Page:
Last week, speaking in Las Vegas, former speaker of the House Newt Gingrich dropped this gem in his stump speech: “What the poor need is a trampoline so they can spring up, so I am for replacing the safety net with a trampoline.”
Newt Gingrich is right: We need a social safety trampoline, not a net. However, the Roosevelt Institute Campus Network — a national network of progressive young people — thought up, coined, and defined that term in 2010. Unless Gingrich decides to shock me (and the rest of the country) by expanding social security and creating new government programs like the innovative young thinkers in the Roosevelt Campus Network envisioned, Gingrich should find another phrase.
In reality, I suspect that Gingrich is trying to co-opt the term to describe something very different than we had in mind; his description of a social safety trampoline is woefully narrow and the opposite of "uplifting" for Americans in need.
By this point, most people following politics have already heard Mitt Romney's statement, “I’m not concerned about the very poor, we have a safety net there." It might not be a gaffe big enough to cost him the Republican nomination, but it does shine a light on an old and tired discussion about how well America does with assisting its very poor.
To quote Jon Stewart: “Being in a net is bad. Whether you are a butterfly, a fish, a trapeze artist, or a poor person. If you are in a net, it’s because something has gone terribly, terribly wrong.” So, if the word has negative connotations, why not just change the word? But when Gingrich agrees with Stewart, we should all realize that it doesn’t go below the surface.
The phrase was defined when young people across the country joined with the Roosevelt Institute Campus Network to create the Blueprint for Millennial America and the Budget for Millennial America. Thousands of young people discussed the need to create a more flexible social safety net, responsive to 21st century challenges and capable of acting as a spring-board to launch all Americans from their time of most need into high-opportunity roles. And they coined the term "social safety trampoline" to describe this expansion of so-called "entitlement programs" along with the addition of programs like universal pre-K and worker retraining programs aimed at giving all Americans a chance at growing and succeeding with the rest of their communities.
It’s a fact that millennials across the board have been hit harder by the Great Recession than almost any other group, and we’ve been finding ourselves slipping through holes in the current social safety net. That’s why we know that we need to build something that can support the entire country as we ride out this recession, and can protect us when the next economic storm hits. Millennials are for strengthening Social Security. We are for giving states the tools they need to provide essential services to citizens, even when their budgets are forced to shrink. We are for supporting displaced workers, by building a system to get them back on their feet. We are for giving people the freedom to become social entrepreneurs, grow a community-focused business, or advance their field through a job in the knowledge-based or green economies, secure in the knowledge that a single failure does not mean complete catastrophe.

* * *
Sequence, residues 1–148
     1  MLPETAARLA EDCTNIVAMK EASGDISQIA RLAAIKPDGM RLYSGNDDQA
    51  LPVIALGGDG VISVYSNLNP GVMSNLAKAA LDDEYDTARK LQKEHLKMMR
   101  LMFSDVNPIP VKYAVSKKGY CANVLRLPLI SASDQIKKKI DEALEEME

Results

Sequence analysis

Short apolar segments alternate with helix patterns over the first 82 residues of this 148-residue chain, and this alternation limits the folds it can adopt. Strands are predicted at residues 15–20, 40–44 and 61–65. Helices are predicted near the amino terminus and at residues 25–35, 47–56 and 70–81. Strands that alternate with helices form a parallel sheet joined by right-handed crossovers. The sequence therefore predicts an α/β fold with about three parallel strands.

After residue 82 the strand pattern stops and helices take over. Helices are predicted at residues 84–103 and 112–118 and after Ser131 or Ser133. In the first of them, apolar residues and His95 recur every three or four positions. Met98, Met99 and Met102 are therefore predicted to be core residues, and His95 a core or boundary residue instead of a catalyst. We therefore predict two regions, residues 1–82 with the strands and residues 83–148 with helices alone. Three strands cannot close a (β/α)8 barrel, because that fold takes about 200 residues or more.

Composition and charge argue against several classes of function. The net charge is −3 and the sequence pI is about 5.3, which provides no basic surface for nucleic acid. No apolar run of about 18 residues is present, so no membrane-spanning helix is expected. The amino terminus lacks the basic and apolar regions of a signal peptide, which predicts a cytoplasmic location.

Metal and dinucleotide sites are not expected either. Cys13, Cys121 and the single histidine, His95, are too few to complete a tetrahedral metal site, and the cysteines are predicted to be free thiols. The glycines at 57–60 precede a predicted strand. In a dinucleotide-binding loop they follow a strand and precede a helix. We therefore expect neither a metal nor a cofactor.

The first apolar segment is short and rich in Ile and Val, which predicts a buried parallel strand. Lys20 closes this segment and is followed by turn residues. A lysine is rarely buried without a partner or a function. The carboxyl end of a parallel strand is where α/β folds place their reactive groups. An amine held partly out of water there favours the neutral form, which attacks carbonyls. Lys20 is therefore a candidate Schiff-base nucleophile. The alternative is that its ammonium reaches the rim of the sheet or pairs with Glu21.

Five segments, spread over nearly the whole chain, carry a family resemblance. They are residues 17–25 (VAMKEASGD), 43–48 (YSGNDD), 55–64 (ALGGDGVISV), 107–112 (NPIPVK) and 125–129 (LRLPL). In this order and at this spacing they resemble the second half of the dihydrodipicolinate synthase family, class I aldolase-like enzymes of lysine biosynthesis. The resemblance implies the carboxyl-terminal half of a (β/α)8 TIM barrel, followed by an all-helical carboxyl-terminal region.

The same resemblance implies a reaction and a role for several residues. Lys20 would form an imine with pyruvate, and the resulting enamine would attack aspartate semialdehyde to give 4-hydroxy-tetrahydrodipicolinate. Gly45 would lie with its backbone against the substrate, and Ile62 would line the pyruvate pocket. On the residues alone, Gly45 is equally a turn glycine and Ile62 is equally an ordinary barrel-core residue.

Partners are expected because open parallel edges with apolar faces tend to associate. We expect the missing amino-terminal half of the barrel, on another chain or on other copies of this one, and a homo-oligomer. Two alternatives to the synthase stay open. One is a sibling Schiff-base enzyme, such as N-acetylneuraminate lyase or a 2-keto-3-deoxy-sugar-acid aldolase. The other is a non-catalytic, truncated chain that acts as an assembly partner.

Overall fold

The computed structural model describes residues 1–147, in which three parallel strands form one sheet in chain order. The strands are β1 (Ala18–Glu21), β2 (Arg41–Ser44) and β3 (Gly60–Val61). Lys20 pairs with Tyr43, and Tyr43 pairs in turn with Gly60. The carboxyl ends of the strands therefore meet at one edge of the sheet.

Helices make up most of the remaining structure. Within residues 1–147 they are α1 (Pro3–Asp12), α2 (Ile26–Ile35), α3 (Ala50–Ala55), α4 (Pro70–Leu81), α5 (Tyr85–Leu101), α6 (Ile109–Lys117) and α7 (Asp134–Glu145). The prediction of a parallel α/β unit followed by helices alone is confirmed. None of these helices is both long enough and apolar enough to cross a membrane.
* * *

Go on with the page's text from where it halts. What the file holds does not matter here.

A safety trampoline should give everyone a chance to bounce further then they could ever jump on their own. It needs to include universal pre-K schooling, job retraining programs, health care coverage for all, and options for expanding access to higher education. To truly accomplish the vision of millennial America, the social safety trampoline needs to provide opportunities previously unimagined for America’s very poor, and be strong enough to help the rest of America as well.
A social safety trampoline shouldn't do what Gingrich proposes — on his website, Gingrich lays out a plan titled “Unleashing Growth and Innovation to Move Beyond the Welfare State.” His idea is to dismantle the tenants of many current programs; fixing social security by investing in “personal savings accounts," and injecting private options into Medicare and Medicade, for example. His version of a "trampoline” would consist narrowly of job training programs directly linked to unemployment compensation, which are both a part of the current welfare plans that exist in America today. Since Gingrich prefers to speak in stump-speech generalities, it’s impossible to say how much he would spend on increasing those things — but in short, it looks as though his trampoline is more like a black tarp covering a rocky ground.
If Gingrich wants to keep using our idea of a social safety trampoline, he’s going to have to produce more than the same tired conservative ideas that the private market can fix everything. The reality is, Gingrich, like the rest of the republican nominees, is not concerned about the very poor, the somewhat poor, the working poor, or even the middle class – he just wants to hide that fact by cloaking his own retread ideas in the truly fabulous progressive rhetoric that it took thousands of young people with lots of vision to think up.
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